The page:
Romantic Triolets

Hello Poetry Lovers

Are we settling nicely into 2022 now? Or like me, you’re treading with caution?

I’ve gone back to the world of the Triolet form, if only to feature this beautiful piece from the genuis talented poet Connaire Kensit

Dobby and I are huge fans of Connaire’s work, and my heart was particularly captured by this beautiful triolet. This will be followed by a more ruthless poet’s work, but will not be in the same class. I’m warning you now! Read on;

True Life Romance

The truth is exciting;

Romance is prosaic.

Though not always delighting,

The truth is exciting.

No fictional writing

Can match life’s mosaic.

The truth is, “Exciting

Romance” is prosaic.

C. Kensit 2021

Wasn’t that beautiful, such clever and vivid words. Thank you, Connaire. Lovely piece.

The following triolets are more bitter-sweet but they seem to fall into this subject. More failed romances really.

Read on..

Tap Routine 

You told me I had kaleidoscope eyes

In between tap dancing classes

How was I to know it was all lies?!

You told me I had kaleidoscope eyes 

But it was all a clever disguise 

You just liked to make passes

You told me I had kaleidoscope eyes

In between tap dancing classes 

D Moulson 2022

Husband Triolet

My husband would never give you the eye

He’s not that sort of chap

What you’ve heard is a complete lie

My husband would never give you the eye

He swore to me he’d rather die 

It’s just all a big mishap 

My husband would never give you the eye

He’s not that sort of chap 

Traditional 1974

Wasn’t that fun?! Thank you again to the lovely poet and cat lover, Connaire. Thanks for tuning in, PL’s. Stay tuned for some more poetry antics real soon…

Return of the Poetry Basket

Hello Poetry Lovers

Welcome back to our much missed Poetry Basket section.

I am so excited as today we feature that wonderful and talented poet Barney Ashton-Bullock

A trememdous favourite, and one of the first live poets I ever swooned over, Barney’s latest collection Bucolicism – Poems and Fragmenta is published by Strike Force Entertainment and is red-hot and really worth a read. Look at the sizzling review below;

Bucolicism – Poems and Fragmenta by Barney Ashton-Bullock 

Subtitled Alt-lite lyric verse for a post-pastoral England, we open the vivid cover of this brand new collection from Barney Ashton-Bullock. This poet has an impressive background of publications including the vibrant café kaput!, and he remains on top with these 27 tight and significant pieces.  Stunningly designed and illustrated by Meriel Waissman, with disturbing and irresistible images inside.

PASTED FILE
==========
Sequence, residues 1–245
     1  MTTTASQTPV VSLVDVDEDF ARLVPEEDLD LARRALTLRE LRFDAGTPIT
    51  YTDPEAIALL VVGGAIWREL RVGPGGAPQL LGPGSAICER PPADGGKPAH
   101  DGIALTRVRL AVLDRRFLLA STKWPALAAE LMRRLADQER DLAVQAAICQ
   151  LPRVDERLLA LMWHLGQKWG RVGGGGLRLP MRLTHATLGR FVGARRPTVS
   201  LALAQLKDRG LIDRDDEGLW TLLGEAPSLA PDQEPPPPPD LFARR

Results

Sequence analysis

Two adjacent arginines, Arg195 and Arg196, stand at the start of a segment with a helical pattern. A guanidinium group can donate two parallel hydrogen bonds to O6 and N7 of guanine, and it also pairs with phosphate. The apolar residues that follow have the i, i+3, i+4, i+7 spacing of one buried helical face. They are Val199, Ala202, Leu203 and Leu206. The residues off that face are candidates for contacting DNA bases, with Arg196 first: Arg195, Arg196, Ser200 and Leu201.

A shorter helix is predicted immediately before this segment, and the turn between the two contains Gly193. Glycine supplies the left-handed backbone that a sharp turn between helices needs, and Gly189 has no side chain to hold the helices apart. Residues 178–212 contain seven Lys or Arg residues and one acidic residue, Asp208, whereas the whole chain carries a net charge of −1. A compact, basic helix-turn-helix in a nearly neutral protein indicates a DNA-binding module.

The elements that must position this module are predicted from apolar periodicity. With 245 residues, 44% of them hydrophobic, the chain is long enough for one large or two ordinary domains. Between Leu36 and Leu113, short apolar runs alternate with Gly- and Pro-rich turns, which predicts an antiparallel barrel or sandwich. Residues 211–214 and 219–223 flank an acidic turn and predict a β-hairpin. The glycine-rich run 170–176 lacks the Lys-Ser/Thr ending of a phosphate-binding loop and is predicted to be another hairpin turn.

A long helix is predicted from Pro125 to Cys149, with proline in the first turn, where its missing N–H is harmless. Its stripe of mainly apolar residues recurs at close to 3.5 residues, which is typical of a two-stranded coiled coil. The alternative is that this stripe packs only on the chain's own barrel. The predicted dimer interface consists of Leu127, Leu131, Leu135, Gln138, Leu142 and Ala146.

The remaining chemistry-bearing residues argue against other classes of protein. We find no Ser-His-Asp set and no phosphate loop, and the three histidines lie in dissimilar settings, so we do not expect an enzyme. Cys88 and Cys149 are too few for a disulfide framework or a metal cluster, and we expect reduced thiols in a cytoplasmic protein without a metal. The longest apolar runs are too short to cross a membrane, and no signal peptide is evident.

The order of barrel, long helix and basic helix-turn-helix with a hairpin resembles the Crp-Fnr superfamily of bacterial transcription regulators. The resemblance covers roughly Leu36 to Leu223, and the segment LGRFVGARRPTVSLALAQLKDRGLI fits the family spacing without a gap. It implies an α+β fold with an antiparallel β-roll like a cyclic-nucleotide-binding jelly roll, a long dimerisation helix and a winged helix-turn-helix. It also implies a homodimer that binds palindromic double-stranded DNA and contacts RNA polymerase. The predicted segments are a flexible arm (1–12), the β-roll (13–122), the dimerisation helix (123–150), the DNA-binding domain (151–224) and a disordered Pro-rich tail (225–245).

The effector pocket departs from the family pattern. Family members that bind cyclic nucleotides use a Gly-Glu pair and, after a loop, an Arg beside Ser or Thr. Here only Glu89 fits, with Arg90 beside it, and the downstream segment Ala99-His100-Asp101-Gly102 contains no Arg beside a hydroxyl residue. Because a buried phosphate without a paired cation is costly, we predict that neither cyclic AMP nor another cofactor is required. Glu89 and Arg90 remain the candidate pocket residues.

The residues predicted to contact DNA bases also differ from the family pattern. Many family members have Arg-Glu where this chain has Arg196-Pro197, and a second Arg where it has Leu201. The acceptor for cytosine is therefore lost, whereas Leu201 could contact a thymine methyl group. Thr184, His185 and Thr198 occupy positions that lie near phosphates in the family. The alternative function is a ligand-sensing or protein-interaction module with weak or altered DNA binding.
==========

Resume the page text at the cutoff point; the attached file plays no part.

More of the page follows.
I started my journey with Loss a powerful short piece that truly jumps out at the reader.  The impact not lost with What We Were Is What We Are, provocative words that are also tender. I bathed in the nostalgic wistfulness,  and the depths of the opening stanza, particularly in the deeper depths of the darkest nights, a place we have all been.  The brutal romance in You Should Know Where My Heart is, and the intense Englishness and visual colour of Remembrance, Strawberry Mivvi and Knobbly Knees will strike a chord. These words are used to remind of us of what we have lost, what is gone forever. And our ongoing traditions of Wimbledon and Henley melt in the mouth. 

The complex haibun style of In More Censorious Summer Dorset Days…gives us such a strong imagery, and a razor sharp insight of the poet’s Dorset background. Dedicated to a lost first love?  Very ambivalent and intriguing. The alluring vernacular of Village contains an unforgettable line of Cigs, ket, stout, cide, hash, snog, blow, laid, vom, chuck.  The underlying innocence speaks volumes. One of the most irresistible pieces of this journey. 

Dorset Prayer is so achingly sad, a nostalgic tableau of former English life, blown away and snatched from under our noses. You’re In Hardy Country, 1974 is a humorous account of youth and cynicism. A clever combination.  Gran is almost painful in its lurid and stunning detail.  And speaking of pain, Calcot Hotel, Speaking?  The sense of loss for these seaside institutions, and a familiar pang of losing a grandmother. The poet puts this over without mawkishness.  We come then to the stunning Guest House, a personal favourite with extraordinarily descriptions and clever wording. Full of wonderful revelations and leading to an apt climax. 

Then our journey speeds up through England with the wistful and autobiographical words of Tetbury, the structures that unravel themselves.  The heart stirring Sezincote borders on the Jarmanesque and our once treasured past, the final line stating that they would not see Sezincote again is moving.  The prose of Shoscombe is strong and personal, and our journey takes us to a tribute to Alan Peglar, the saviour of The Flying Scotsman,  Childhood (Jump The Tracks) is graphic, dark with an underlying hopeful note.